Just a few miles south of Mexico City, between the canals of Xochimilco on Teshuilo Lake, sits the Isla de las Muñecas – the “Island of the Dolls.” The macabre tourist attraction dates back to the mid-20th century and is the creation of the late Don Julian Santana Barrera, who allegedly began hanging dolls around the island to appease the spirit of a deceased girl.
There’s still debate as to the authenticity of the legend surrounding Barerra and the island, but what’s certain is it’s one of the most unusual (and nightmare-inducing) locations tourists will ever visit.
The legend behind the Island of the Dolls
The story behind the Island of the Dolls centers on Don Julian Santana Barrera. According to legend, Barrera left his family at some point in the mid-20th century and isolated himself on the island, for reasons that remain unknown. During his early years living there, he would travel to the neighboring area to sell vegetables he’d grown. He’d also drink at local establishments.
However, Barrera soon began to preach the Bible, leading residents to ban him from visiting.
It’s said Barrera discovered the body of a girl who had drowned under mysterious circumstances in the water near the island. Shortly after, he found a doll, which he believed belonged to the child. He hung it from a tree, to both show respect for the girl’s spirit and out of fear of her.
Despite local legend, there are those who believe Barrera made up the girl’s existence to keep unwanted visitors from traveling to the island.
More and more dolls are hung around the island
It’s claimed that, despite his attempts to appease the girl’s spirit, Barrera continued to be haunted by her. This led him to collect even more dolls, amassing over 1,000, which he hung around the island. Not all were whole, either. He’d hang them from trees in various states of disrepair, and even kept some in his cabin, which he dressed in sunglasses, headdresses and other accessories.
To some, it appeared as though Barrera was possessed by some unseen force.
According to local legend, those who visited the island claimed to witness the dolls open their eyes and move their heads and limbs. There were even some who said they’d heard the toys whispering to each other, in a way luring them to the island. Similar to Barrera, it was common for people to bring their own dolls when visiting, as a sign of respect for the little girl’s spirit.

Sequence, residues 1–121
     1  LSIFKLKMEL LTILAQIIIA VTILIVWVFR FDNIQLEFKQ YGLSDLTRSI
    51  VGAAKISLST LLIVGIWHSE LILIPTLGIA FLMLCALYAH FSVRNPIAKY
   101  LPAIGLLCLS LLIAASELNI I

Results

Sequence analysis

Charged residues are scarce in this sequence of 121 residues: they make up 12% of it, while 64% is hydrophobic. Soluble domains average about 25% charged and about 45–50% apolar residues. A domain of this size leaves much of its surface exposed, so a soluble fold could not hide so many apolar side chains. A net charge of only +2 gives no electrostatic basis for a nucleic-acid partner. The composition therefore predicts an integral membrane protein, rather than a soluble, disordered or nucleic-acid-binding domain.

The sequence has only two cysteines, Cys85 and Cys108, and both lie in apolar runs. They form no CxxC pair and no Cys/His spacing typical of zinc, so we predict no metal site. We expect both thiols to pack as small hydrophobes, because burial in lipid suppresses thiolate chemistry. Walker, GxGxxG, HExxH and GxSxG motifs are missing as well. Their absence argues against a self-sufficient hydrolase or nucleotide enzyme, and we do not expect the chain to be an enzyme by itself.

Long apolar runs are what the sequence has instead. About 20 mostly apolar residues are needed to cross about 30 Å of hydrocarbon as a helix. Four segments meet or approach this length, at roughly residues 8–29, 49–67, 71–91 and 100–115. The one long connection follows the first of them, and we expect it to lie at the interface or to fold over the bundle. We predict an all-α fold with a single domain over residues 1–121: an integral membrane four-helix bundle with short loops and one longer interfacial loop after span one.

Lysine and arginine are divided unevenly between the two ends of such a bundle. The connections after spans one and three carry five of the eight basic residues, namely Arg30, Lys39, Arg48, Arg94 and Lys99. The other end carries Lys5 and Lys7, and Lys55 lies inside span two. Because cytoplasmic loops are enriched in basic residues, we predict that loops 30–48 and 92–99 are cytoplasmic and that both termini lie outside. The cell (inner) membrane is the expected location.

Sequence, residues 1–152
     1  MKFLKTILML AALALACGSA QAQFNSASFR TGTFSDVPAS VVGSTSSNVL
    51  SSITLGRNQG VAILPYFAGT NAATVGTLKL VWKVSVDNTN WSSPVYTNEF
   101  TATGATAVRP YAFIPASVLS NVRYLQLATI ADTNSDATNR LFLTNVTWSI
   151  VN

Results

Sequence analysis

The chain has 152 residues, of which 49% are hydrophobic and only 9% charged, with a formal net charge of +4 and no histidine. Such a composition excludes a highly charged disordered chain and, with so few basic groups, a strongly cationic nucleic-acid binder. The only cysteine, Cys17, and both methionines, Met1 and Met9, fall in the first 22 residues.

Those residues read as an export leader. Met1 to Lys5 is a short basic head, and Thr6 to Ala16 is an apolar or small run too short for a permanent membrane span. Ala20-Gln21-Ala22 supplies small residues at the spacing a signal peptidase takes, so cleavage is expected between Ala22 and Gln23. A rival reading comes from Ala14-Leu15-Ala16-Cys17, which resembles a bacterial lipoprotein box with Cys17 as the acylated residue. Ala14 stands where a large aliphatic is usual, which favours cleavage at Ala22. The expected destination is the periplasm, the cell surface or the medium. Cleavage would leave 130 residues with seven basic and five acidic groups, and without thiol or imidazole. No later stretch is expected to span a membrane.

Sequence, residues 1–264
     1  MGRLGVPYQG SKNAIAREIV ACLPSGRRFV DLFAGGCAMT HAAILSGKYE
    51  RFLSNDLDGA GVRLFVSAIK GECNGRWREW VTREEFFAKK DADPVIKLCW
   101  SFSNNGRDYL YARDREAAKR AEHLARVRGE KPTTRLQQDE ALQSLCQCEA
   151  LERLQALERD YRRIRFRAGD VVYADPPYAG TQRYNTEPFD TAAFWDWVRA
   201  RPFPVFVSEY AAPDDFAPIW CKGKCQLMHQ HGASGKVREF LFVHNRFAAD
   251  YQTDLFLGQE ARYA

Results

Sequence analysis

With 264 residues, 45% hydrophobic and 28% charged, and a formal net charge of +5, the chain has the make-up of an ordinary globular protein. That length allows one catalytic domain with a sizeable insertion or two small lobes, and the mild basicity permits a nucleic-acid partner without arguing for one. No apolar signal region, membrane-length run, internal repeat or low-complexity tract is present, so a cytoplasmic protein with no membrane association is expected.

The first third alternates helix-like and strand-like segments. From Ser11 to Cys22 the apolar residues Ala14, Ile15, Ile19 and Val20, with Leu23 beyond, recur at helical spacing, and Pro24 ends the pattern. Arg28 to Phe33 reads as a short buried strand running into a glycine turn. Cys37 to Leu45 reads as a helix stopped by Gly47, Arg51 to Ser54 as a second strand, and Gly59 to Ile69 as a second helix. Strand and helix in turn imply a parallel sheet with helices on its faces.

In 2001, after 50 years of collecting dolls, Barrera was found deceased, allegedly drowned in the same area where he’d found the girl all those decades before. It’s believed by many that he joined her and the other spirits who have since made the island their home.
A macabre tourist attraction
Following Barrera’s death, the Island of the Dolls began to see an uptick in tourists who wanted to pay tribute to the man’s legacy. Care of the island was passed to his nephew, Anastasio Santana Velasco, and after he, too, died, control was given to Rogelio Sanchez Santana, Barrera’s great nephew.
At the time of his death, Barrera had already begun to charge fees for guided tours of the island, and this tradition continued after he’d passed. Over the past two decades, boat tours have popped up in Mexico City, advertising a macabre experience that also allows tourists to take in the area’s wildlife, including pelicans, water snakes, egrets and king fishers.
When visiting the island, it’s common for people to bring their own dolls, in a show of respect for the former caretaker.
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Since Barrera’s death, the Island of the Dolls has become increasingly popular, being featured in a number of news articles and on television. A museum has even opened on the island, featuring newspaper clippings and the deceased man’s favorite doll, Agustinita.